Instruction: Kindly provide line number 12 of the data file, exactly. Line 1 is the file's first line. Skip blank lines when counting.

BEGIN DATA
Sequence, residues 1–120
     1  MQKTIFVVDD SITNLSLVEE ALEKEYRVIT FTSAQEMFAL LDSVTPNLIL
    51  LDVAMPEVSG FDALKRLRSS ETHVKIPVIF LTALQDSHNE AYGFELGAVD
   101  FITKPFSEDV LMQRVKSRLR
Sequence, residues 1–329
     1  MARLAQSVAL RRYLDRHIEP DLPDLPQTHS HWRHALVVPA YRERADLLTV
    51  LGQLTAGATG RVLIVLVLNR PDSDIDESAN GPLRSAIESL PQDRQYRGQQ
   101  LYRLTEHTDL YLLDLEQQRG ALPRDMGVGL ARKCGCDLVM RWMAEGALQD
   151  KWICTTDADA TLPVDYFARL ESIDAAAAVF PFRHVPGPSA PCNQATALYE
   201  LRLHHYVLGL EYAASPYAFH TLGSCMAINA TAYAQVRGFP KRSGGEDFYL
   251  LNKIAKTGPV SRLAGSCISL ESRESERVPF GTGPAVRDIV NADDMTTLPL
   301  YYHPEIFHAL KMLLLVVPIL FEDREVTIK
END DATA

   301  YYHPEIFHAL KMLLLVVPIL FEDREVTIK